While duck and pinot noir have been known to make a little magic on the taste buds when the two are united, it’s not necessarily always the case. A watery, insipid, cheap pinot is still going to taste sad and bland even if it is teamed with the most succulent duck dish. And the same goes for the food. If it doesn’t taste good on its own, it’s not going to magically improve alongside even the most wonderful wine.

    3. Weight is important.

    Lighter, more delicately flavored food generally works best with lighter style wines. Heavy, tannic reds tend to be best hooked up with more robust meaty dishes. But of course, there will always be times when a light wine could team marvelously with a heavy rich dish.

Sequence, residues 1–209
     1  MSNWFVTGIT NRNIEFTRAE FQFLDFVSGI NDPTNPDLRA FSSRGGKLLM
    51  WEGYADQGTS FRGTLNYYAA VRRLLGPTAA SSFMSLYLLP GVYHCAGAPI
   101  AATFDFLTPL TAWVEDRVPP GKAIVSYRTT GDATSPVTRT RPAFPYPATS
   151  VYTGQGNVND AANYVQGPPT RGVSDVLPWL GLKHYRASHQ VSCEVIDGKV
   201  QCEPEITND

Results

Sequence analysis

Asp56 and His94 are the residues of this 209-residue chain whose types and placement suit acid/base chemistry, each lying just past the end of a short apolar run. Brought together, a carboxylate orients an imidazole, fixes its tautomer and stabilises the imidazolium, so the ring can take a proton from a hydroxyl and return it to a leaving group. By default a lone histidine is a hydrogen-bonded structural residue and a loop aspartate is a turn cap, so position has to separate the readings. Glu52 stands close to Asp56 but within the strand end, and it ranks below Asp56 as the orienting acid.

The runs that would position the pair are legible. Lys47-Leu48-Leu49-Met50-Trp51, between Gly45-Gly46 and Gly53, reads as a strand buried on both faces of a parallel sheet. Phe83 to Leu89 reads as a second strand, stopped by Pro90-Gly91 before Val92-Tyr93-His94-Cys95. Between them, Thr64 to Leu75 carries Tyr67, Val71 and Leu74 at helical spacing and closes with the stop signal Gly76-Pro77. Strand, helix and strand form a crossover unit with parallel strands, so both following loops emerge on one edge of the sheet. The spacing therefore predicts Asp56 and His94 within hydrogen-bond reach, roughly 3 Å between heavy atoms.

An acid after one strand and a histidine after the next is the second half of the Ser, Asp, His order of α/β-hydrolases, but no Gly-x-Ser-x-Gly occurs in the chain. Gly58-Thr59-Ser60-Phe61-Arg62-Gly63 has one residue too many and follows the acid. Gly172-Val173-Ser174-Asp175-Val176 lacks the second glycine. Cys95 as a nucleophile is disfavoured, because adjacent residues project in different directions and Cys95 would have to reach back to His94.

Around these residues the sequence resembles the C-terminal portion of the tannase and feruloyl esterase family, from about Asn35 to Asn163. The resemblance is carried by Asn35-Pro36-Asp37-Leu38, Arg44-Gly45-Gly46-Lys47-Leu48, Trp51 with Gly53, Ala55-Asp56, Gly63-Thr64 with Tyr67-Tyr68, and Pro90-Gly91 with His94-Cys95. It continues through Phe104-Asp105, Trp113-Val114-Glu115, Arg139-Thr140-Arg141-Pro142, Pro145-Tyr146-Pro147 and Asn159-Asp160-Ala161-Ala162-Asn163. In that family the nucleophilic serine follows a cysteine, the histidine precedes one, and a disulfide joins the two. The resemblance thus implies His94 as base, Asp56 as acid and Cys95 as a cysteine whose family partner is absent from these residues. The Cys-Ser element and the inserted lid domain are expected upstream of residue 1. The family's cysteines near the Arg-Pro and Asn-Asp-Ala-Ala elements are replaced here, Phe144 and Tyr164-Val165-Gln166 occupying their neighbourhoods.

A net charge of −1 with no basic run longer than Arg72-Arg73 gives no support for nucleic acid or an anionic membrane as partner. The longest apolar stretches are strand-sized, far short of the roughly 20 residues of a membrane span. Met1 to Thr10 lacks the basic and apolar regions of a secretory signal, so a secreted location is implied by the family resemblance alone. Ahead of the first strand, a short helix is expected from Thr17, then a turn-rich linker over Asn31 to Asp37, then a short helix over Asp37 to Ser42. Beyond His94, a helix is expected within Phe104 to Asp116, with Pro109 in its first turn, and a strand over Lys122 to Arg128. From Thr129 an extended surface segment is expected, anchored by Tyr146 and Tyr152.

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    4. Wine and food can contrast one another.

    Contrast is something that I personally love to play with. For example, using a light, acidic wine like a dry Riesling to cut through the oiliness of fried fish and chips is always a winner.

    5. Wine and food can compliment each other.

    Sometimes finding flavor similarities can result in a harmonious food and wine pairing experience. For example, matching the earthiness of mushrooms in a mushroom risotto can work a treat with a funky, earthy Pinot Noir. Or a fresh, minty Cabernet Sauvignon to compliment your classic roast lamb with mint sauce can be a flavor explosion.

    6. Trust your instincts.